Adam Scott, a 23-year-old Australian, occasionally plays golf as
well as anybody on the planet. He cruised to a four-shot victory
at the Deutsche Bank Championship last September, won the Players
Championship in March and last week won by four again, at the
Booz Allen Classic in Potomac, Md. Based on that track record,
you'd expect Scott, who's 13th in the World Ranking, to be primed
for a run at his first major title, in two weeks at the British
Open. But he's not. "I won't have high expectations," Scott said
after the Booz Allen. "I simply want to play two solid rounds and
get into position for the weekend."
Scott is one of the Tour's most mild-mannered players, but this
degree of ambivalence is still striking, and his attitude
provides insight into one of golf's biggest mysteries: Why don't
Australians win more majors?
From the early 1980s to the mid-'90s, there were only about 10
Australians on Tour, and they excelled at the majors. In addition
to many close calls, Greg Norman won the 1986 and '93 British
Opens. Wayne Grady took the '90 PGA, and Steve Elkington won the
'95 PGA and has five other major championship top 10s.
Elkington's PGA, though, was the last major won by a man from
Down Under. In the years since, the Australian presence on Tour
has grown to 19 players, the most of any nation other than the
U.S. And these Aussies are better trained than their
predecessors, thanks in part to the free coaching and facilities
made available to amateurs since 1993 by the Australian Institute
of Sport. But while the Aussies are routinely on the leader board
at regular Tour events--Scott, Robert Allenby, Stuart Appleby and
Craig Parry have combined for 12 victories since '97, while Aaron
Baddeley and Stephen Leaney have runner-up finishes--they've come
up empty at the majors.
The critics say that Australia's younger players are overcoached
and more interested in making a perfect swing than simply playing
the game. Elkington says that's a bunch of hooey. He believes
that only one of his young countrymen has the talent and the
experience to win the big ones. "I wrote Adam a note after the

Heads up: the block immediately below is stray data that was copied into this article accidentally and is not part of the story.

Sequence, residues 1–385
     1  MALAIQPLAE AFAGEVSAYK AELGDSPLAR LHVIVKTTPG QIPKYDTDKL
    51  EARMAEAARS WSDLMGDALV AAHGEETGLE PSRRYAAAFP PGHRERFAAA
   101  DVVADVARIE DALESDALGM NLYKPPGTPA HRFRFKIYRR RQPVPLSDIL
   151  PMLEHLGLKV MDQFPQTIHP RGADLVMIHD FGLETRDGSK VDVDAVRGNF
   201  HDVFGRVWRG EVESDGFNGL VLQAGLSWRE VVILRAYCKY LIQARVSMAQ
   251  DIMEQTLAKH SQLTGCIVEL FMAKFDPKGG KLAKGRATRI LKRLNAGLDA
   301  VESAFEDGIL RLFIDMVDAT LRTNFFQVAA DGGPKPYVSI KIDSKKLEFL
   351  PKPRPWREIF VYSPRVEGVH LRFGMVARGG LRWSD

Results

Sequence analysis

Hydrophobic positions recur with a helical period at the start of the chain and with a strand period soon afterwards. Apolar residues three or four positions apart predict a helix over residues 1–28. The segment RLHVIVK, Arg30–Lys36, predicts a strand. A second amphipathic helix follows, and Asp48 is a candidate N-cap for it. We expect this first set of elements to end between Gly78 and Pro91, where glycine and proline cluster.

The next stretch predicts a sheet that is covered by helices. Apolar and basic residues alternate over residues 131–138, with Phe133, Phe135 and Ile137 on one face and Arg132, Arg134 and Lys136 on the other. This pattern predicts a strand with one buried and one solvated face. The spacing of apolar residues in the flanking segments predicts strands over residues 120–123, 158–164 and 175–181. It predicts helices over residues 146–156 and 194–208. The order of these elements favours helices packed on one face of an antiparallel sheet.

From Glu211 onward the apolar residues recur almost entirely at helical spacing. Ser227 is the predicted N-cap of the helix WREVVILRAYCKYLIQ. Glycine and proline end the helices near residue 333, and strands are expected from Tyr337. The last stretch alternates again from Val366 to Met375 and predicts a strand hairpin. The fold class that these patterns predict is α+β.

Players telling him that was the hardest tournament he would ever
win," says Elkington, who won at Sawgrass in 1991 and '97. "Now I
think Adam is equipped for the majors. I don't know if anybody
else is there yet."
Scott's comments at the Booz Allen might also be interpreted as
managing expectations. Big things were expected after the
Players, but then he missed three out of four cuts, including the
Masters and the U.S. Open. But there is no mistaking his goals.
He works intensely with Butch Harmon; two months ago he hired
Tony Navarro, Norman's former caddie; and he recently had a
refreshing monthlong stay with his parents in Australia.
He may not say it, but Scott is ready for Troon. Time will tell
if that means he can end the Australians' long drought. "Our
contingent is building strength," says Elkington. "It's
ridiculous to think that somebody won't win one soon."
COLOR PHOTO: DAVID WALBERG (SCOTT) SLAM SHUT Scott's win gives the Aussies 19 Tour titles--but no majors--since '96.
THREE COLOR PHOTOS: AL MESSERSCHMIDT/WIREIMAGE.COM
COLOR PHOTO: DAVE BOWMAN/NEWPORT NEWS DAILY PRESS/AP (WIE)
A player from Asia is the reigning champ at three of the top four
USGA events for females (Amateur, Junior and Publinks). A win at
the Women's Open will make it a sweep.
Up & Down
Twenty-year-old rebel follows a 13th at the U.S. Open with a win
at the Cal Amateur.
Congressional Country Club
The Booz Allen drops in for a year, in 2005. The players wish it
would stay awhile.
Aging Solheim Cup stalwart gets a third top 10 and is looking
forward to Crooked Stick in '05.
Fourteen-year-old phenom loses Publinks to an older woman: Ya-Ni
Tseng, 15, of Taiwan.
TPC at Avenel
A renovation didn't start soon enough: 27 of the top 30 skipped
this year's event.
Aging Solheim Cup stalwart withdraws because of injuries and is
talking retirement in '04.